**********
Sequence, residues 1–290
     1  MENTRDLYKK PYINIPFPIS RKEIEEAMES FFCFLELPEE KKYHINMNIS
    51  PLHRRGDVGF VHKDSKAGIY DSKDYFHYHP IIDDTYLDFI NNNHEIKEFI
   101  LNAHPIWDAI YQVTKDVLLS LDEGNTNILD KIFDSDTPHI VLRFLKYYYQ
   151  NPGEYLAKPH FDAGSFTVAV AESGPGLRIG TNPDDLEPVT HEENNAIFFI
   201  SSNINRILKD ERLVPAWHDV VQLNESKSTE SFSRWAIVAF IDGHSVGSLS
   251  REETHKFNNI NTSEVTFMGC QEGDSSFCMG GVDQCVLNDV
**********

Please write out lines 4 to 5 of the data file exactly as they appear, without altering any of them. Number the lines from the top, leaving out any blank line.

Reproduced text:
   101  LNAHPIWDAI YQVTKDVLLS LDEGNTNILD KIFDSDTPHI VLRFLKYYYQ
   151  NPGEYLAKPH FDAGSFTVAV AESGPGLRIG TNPDDLEPVT HEENNAIFFI